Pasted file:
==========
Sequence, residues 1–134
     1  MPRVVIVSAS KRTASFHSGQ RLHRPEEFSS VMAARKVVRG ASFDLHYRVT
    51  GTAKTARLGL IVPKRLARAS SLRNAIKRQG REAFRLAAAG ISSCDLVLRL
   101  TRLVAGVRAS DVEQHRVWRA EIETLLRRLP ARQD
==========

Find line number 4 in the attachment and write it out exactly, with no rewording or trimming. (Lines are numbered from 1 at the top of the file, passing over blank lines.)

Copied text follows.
   101  TRLVAGVRAS DVEQHRVWRA EIETLLRRLP ARQD